The Permanent Parliamentary Council for Gender Equality heard a report prepared by the Committee on Legal Affairs and the Committee on Human Rights and Civil Integration on the Enforcement of Norms Prohibiting Sexual Harassment in the Workplace and Public Spaces.
According to Rati Ionatamishvili, a member of the Gender Equality Council, sexual harassment is an important issue today, which is faced by our citizens, especially women, both in public and in labour relations, and in many cases by a law that can be fully harmonized with international standards. Not be sufficient to ensure a proportionate and legal process on these issues.
He said the main challenge is the very low turnout rate.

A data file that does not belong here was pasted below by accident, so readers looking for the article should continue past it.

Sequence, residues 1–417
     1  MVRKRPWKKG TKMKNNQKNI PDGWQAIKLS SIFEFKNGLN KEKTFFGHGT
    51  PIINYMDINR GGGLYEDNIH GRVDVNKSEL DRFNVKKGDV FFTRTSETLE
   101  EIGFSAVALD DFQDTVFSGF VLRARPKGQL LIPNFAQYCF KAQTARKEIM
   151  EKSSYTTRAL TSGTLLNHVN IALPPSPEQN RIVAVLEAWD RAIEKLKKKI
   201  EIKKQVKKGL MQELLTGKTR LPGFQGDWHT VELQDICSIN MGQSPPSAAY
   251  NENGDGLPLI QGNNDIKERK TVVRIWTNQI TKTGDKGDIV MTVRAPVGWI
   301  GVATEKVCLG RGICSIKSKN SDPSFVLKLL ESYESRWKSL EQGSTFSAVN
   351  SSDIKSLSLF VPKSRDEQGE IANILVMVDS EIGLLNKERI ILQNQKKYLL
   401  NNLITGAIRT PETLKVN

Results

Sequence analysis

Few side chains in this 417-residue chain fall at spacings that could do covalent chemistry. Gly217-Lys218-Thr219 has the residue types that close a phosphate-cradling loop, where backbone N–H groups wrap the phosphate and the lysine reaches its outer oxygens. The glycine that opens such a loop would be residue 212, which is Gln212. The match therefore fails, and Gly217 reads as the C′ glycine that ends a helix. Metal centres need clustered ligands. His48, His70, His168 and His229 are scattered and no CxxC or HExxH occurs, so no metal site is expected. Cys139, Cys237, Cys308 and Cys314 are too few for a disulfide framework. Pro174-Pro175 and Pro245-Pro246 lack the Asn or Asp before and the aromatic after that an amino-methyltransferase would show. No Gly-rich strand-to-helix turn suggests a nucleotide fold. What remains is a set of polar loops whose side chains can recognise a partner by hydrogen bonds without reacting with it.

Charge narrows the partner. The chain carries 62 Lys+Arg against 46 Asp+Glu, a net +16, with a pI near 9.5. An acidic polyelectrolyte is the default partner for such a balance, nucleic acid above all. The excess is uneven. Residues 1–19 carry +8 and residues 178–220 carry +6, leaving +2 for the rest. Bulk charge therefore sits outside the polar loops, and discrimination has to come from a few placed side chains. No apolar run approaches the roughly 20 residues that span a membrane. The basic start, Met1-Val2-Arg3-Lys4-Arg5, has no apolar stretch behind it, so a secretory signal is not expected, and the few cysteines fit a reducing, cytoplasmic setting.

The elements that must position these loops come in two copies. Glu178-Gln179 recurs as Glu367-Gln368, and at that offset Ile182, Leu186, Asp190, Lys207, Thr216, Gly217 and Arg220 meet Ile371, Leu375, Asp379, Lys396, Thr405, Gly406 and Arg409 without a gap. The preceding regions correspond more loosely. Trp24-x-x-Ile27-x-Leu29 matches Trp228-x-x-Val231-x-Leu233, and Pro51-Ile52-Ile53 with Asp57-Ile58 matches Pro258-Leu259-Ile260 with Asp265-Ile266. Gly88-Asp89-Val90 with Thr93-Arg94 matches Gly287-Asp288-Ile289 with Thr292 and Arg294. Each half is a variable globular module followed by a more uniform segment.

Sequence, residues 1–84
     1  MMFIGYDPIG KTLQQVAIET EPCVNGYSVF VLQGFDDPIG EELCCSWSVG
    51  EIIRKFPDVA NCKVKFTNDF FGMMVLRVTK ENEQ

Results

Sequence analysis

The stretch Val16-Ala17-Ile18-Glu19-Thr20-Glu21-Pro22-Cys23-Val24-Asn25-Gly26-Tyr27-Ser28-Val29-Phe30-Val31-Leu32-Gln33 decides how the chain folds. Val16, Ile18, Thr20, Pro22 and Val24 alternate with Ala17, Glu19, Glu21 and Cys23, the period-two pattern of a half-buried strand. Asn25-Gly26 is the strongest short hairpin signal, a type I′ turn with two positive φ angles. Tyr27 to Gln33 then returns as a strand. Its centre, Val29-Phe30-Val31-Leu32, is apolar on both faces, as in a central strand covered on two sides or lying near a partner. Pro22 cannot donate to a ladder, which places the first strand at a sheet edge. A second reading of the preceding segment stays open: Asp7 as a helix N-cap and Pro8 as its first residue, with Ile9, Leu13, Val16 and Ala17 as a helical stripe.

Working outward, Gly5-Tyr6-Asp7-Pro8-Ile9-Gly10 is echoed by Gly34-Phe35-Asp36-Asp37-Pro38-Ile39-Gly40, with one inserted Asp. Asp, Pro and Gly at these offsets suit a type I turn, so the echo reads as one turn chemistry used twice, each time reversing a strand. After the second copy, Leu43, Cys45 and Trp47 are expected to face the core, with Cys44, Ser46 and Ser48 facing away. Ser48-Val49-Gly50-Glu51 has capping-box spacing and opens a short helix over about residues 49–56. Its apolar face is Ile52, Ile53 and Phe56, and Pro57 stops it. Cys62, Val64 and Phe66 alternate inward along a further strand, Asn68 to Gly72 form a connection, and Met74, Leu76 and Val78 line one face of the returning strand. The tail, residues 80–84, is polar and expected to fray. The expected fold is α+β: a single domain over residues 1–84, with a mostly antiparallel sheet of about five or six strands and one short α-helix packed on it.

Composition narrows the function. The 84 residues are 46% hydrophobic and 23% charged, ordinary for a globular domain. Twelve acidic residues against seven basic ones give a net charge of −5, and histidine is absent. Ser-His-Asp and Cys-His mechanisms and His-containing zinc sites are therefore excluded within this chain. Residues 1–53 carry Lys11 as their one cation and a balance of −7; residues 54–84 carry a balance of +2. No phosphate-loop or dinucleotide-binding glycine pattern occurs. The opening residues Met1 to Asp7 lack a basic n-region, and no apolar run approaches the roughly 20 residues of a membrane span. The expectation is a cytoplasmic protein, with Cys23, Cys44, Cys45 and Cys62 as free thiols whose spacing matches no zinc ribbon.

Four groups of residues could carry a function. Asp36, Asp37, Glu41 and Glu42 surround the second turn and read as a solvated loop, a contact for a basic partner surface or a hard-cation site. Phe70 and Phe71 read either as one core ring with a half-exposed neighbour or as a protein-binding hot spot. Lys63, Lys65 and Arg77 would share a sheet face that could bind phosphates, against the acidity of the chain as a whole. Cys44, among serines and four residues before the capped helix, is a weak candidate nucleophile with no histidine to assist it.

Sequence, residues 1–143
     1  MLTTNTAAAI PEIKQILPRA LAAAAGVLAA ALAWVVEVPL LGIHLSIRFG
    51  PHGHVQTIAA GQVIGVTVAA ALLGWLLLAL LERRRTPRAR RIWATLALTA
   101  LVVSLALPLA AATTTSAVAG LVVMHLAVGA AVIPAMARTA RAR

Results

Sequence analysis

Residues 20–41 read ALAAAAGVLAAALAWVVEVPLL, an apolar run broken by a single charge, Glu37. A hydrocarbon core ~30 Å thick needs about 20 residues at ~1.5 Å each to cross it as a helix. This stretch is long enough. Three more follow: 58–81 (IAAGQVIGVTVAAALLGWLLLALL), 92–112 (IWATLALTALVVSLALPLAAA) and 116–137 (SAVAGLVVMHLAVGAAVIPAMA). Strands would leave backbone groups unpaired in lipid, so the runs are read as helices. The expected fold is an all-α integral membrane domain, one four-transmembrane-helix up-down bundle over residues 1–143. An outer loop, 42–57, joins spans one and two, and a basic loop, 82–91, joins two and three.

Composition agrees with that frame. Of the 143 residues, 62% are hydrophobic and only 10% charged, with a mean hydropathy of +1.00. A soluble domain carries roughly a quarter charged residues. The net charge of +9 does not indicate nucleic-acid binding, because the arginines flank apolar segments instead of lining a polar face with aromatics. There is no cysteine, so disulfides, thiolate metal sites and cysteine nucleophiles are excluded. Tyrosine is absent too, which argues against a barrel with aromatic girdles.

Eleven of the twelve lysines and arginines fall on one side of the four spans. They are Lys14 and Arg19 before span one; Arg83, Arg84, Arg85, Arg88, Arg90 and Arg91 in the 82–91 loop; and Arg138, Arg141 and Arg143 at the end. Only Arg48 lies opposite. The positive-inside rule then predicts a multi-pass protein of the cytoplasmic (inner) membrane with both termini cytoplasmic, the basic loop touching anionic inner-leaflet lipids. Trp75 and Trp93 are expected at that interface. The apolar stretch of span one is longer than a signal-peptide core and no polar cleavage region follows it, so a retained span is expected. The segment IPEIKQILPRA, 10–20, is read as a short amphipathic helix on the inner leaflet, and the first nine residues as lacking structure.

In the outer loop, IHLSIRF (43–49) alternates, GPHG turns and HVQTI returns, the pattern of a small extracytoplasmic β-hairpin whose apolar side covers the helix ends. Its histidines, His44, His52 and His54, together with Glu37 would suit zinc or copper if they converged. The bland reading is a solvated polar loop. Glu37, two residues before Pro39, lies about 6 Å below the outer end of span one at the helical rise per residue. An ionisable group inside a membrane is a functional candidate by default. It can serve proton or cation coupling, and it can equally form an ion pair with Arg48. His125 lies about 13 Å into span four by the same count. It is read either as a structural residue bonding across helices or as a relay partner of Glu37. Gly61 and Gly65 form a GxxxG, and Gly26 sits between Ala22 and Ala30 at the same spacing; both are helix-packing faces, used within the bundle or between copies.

“Although the legislative changes that we have made, even in the Parliament of the 9th convocation, which has been positively assessed, including by stakeholders, it is a fact that the appeal remains a major challenge today. This is due, on the one hand, to the fact that public awareness is low in this regard, a certain stigma is strong, and because of this, it is not overcome. On the other hand, it is our obligation not only to respond to specific facts but also to work to the point where the appeal increases so that any victim who feels humiliated or degraded will inevitably defend their rights. We must give the appropriate guarantees to the people that if he removes his voice and tries to take legal action, it will not further complicate his situation but vice versa. It will be a step forward not only for him but also for other potential victims,” Rati Ionatamishvili said.
He said the ombudsman’s office, the common courts, the Interior Ministry, the Labor Inspectorate, the Coalition for Equality, experts and civil society were involved in the investigation, and the process was supported by the USAID-funded East-West Management Institute program. “Supporting the Rule of Law in Georgia”.